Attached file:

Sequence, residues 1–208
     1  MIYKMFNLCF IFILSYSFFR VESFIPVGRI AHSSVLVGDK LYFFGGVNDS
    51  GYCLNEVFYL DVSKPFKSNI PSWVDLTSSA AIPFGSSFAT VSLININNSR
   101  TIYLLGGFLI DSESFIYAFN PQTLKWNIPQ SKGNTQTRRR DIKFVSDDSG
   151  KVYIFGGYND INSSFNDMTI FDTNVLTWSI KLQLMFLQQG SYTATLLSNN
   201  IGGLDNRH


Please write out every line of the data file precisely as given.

Sequence, residues 1–208
     1  MIYKMFNLCF IFILSYSFFR VESFIPVGRI AHSSVLVGDK LYFFGGVNDS
    51  GYCLNEVFYL DVSKPFKSNI PSWVDLTSSA AIPFGSSFAT VSLININNSR
   101  TIYLLGGFLI DSESFIYAFN PQTLKWNIPQ SKGNTQTRRR DIKFVSDDSG
   151  KVYIFGGYND INSSFNDMTI FDTNVLTWSI KLQLMFLQQG SYTATLLSNN
   201  IGGLDNRH